Good UX in the Wild: A comic book geek returns after twenty years away to a brave new digital world
UPDATE: Listen to a podcast I did on Comics and the move to Digital Comics for Fanboy Radio.
Like most folks my age, I grew up reading comic books. I remember the first early printings of Teenage Mutant Ninja Turtles in the spring of 1984, long long before they were a big thing, toys, or a movie. Most of my favorite memories of "flashlight reading" (reading under the covers with a flashlight because I was supposed to be sleeping) were with early copies of X-Men or X-Factor.
But as with time, life happens, wife happens, and I moved away from my weekly visit to the comic book store.
Fast forward and over the last four years I've been reading digital books more than ever. Digital reading just totally works for me. I have one Kindle device to read on, which is convenient, but I've also (slowly) learned to trust the cloud. I realize that DRM is evil and that I'm not supposed to trust the cloud, but I do so far. Regardless, I've built up a nice little digital library of Kindle books that I've enjoyed very much.
A year or so ago I discovered that comics had made the leap to digital and I tried subscribing to Marvel Digital Comics Unlimited. It promised a reasonably priced annual plan and 10,000 comics online. Netflix for Comics. Sounds great, right? Sure, but you could only access the comics on a desktop computer. There is no access from portable devices like iPads. This is still the case a year later. What a silly limitation given the fact that a tablet device is tailor-made for comics.
Then I found Comixology. Digital comics done right, in my opinion. You buy them at reasonable prices (there's lots of 99 cents and most are under $3) and they are in your account in the cloud. The client application manages your local storage and you can always bring old comics back.
The most amazing part about Digital Comics is the "Guided View." I've told friends that they should check out comics before and they've said "meh" then I've brought out a reader and showed them how to really appreciate the art and detail with a panel by panel zoomed view and they immediately got it. "Oh, wow. THAT changes things." Here's what it looks like.
It's a brilliant way to make up for a relatively low resolution portable screen. It almost is like turning a standard paper comic book into a motion comic. The panels are smart and you never miss the text. It's optional, to be clear, but GuidedView is really worth checking out.
Comixology is a book reader, and as such has all the usual UX of a standard reader. Swipe forward and backward, but double-tap starts GuidedView. Embedded in the book is the correct direction to move, not only from panel to panel but also within panel. The camera always knows the optimal direction to move and ensures you can always view the text and appreciate the art. Additionally you can choose to show the whole page in full-screen either on enter, or exit of the page. The controls and interface stay completely out of your way. They aren't even visible in the tablet version. Surprisingly the GuidedView interface works extremely well even on a 3.5" phone screen.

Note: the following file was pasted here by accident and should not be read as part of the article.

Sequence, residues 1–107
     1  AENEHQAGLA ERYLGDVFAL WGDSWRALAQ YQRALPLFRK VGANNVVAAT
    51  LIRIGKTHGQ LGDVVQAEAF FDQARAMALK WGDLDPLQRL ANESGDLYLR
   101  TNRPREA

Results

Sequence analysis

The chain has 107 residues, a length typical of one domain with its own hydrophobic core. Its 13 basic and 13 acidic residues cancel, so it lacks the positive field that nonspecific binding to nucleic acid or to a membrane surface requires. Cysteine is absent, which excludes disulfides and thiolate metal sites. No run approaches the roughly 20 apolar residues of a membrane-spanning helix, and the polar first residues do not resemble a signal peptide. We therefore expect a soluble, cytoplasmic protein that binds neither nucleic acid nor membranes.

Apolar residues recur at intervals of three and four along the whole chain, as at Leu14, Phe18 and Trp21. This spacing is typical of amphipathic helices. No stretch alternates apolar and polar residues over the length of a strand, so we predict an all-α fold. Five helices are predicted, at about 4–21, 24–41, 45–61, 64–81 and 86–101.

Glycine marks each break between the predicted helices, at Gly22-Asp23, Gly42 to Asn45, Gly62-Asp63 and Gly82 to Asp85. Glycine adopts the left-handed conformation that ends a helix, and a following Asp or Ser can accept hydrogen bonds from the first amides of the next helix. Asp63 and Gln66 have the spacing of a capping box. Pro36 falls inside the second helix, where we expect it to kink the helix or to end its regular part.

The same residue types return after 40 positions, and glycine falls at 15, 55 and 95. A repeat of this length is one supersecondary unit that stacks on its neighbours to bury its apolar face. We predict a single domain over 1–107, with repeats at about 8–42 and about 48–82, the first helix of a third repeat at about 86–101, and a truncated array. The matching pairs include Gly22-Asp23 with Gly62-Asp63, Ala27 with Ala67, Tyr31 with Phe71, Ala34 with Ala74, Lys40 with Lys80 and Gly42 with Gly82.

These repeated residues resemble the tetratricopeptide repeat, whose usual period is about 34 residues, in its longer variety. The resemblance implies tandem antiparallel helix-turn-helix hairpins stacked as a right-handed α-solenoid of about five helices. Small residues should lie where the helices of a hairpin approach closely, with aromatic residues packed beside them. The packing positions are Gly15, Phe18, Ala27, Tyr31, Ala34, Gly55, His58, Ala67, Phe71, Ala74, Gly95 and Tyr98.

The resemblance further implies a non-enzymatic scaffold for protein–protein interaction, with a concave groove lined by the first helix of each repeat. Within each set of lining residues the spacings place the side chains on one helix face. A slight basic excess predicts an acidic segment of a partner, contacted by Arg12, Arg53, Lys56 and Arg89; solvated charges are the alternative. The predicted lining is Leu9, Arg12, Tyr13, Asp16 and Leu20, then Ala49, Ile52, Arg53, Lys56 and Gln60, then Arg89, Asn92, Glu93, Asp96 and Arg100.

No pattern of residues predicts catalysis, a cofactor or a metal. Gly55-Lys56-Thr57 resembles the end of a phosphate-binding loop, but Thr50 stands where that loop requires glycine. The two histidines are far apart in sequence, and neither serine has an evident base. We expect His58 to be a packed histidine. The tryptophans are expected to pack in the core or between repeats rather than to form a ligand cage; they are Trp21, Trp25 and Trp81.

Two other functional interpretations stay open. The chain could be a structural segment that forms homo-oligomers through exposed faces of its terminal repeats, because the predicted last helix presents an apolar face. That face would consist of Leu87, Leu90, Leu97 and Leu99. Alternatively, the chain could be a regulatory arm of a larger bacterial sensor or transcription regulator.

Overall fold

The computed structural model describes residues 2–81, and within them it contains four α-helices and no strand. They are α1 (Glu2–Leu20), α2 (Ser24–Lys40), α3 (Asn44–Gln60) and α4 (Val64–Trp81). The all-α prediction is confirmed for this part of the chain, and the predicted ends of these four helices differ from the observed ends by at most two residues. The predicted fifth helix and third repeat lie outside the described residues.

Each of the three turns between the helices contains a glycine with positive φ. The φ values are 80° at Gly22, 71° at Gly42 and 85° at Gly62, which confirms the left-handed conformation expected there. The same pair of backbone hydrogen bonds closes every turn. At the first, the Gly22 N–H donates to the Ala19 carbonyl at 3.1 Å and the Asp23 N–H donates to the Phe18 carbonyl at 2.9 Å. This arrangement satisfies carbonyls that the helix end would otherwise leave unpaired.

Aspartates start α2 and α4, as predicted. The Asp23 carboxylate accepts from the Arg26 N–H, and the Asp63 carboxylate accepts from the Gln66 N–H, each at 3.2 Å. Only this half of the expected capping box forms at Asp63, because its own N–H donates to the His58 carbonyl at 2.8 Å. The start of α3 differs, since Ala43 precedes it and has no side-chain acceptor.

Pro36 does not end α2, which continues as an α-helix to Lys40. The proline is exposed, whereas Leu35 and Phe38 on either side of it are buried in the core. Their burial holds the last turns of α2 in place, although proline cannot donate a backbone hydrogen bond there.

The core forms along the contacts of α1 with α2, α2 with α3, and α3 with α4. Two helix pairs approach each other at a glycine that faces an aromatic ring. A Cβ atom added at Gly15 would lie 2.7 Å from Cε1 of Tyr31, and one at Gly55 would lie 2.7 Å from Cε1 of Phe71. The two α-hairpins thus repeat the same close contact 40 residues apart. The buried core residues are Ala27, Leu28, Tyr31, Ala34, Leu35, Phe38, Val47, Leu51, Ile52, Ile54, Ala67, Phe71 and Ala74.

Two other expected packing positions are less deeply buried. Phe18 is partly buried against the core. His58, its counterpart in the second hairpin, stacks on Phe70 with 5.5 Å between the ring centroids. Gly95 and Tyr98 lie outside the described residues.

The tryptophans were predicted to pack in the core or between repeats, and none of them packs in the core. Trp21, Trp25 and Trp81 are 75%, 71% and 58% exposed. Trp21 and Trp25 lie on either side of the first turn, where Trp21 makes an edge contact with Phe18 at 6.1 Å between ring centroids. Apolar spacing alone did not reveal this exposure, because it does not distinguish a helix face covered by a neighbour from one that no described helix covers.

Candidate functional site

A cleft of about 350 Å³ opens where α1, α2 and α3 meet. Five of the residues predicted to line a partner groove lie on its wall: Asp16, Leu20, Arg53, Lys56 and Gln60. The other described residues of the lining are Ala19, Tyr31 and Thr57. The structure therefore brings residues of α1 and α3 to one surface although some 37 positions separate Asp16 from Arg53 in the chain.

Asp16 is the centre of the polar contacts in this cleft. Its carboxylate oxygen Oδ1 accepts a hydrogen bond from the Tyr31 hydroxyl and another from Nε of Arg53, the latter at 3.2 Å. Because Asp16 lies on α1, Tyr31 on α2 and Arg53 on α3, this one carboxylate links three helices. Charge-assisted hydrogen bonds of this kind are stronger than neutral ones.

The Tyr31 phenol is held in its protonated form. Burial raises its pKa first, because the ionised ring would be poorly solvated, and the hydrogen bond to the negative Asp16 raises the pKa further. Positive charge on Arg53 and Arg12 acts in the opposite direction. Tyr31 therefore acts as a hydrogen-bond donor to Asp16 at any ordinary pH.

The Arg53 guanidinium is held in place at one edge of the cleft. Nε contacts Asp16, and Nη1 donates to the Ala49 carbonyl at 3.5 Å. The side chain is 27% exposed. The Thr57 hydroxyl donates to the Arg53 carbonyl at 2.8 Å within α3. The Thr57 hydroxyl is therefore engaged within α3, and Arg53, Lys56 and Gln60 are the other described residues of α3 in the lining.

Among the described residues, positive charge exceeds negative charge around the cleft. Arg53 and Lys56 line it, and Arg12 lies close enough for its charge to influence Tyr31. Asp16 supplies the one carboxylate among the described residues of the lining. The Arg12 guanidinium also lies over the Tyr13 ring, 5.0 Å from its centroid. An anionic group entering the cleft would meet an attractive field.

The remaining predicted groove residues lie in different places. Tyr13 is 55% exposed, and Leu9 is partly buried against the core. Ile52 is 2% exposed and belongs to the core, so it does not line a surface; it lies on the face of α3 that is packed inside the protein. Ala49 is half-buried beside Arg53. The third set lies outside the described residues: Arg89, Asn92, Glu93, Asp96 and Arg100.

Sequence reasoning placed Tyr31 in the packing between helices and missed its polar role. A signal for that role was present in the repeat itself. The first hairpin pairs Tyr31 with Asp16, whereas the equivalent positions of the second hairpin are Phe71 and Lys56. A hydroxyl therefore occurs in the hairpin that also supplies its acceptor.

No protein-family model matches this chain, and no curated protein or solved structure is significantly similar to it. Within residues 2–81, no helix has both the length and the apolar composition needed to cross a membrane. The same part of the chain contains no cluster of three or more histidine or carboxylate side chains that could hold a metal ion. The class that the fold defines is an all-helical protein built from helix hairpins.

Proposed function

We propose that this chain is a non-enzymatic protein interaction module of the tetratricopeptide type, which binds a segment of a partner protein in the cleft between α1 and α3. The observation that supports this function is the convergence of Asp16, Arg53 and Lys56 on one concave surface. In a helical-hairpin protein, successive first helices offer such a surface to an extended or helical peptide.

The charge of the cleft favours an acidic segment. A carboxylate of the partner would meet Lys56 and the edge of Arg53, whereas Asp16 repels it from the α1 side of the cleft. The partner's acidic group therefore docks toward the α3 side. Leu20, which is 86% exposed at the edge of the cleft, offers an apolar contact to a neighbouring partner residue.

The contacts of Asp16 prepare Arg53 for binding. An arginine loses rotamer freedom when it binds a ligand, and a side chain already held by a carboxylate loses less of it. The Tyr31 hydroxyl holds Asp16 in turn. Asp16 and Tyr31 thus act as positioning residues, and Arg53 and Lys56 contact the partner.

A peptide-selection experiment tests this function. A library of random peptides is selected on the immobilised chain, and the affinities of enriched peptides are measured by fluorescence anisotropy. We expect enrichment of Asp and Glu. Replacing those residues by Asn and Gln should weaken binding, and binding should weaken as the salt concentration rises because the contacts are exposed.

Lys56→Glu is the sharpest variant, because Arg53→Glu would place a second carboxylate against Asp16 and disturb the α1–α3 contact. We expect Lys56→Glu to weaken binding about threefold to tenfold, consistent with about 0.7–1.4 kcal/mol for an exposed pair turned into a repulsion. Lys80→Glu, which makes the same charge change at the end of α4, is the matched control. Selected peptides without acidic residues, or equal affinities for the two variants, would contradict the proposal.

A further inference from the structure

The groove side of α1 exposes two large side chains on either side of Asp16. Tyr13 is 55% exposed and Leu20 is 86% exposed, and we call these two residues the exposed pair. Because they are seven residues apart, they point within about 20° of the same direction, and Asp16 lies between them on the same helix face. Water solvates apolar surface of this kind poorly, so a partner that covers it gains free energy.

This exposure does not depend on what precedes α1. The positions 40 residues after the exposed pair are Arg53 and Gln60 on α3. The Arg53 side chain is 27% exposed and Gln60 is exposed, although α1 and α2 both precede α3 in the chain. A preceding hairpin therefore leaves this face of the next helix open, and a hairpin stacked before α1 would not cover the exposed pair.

There's Desktop, iOS, Windows Phone 7, and Android versions of the application. It's a nice solid combination storefront and reader. It's quick organized and has a number of features that really showcase why digital comics are so clever. Of course, the experience is optimized to sell comics, but it's also optimized so that that engaged reader can continue reading.
The store interface is rich with metadata. You can view comics not only by the obvious Series, Title, and Author, but also more comic-specific things like Story Arc. Often comics have a multi-issue plot arc and just as we're used to seeing MP3s tagged with compilation metadata, these comics are as well. You can pivot from author to penciler, creator to story to story arc. It also includes collected editions which are the best "price per page" deal going.
For example, in this screenshot I'm at the end of a Compilation (many individual issues in one collected volume) and as I turn the last page I'm offered the choice to purchase and immediately continue reading the next. It's clean and seamless. Once the purchase is made, I can immediately start reading as soon as the first page is downloaded and the rest of the book streams in the background, buffered, similar to a video. I've actually burned through $20 this way reading entire story arcs of Superman and The Walking Dead.
Ironically my new digital obsession with comics also has me visiting the local library more often, checking out collected works and large graphic novels like Compendium One of the Walking Dead:
I've always been a big reader and I devour books on my Kindle but I feel like I've rediscovered comics with the convenience of reading them on a tablet. I've found that if you read the right ones and do your research, Comics (Grpahic Novels) are as engrossing and mind-expanding as a traditional novel.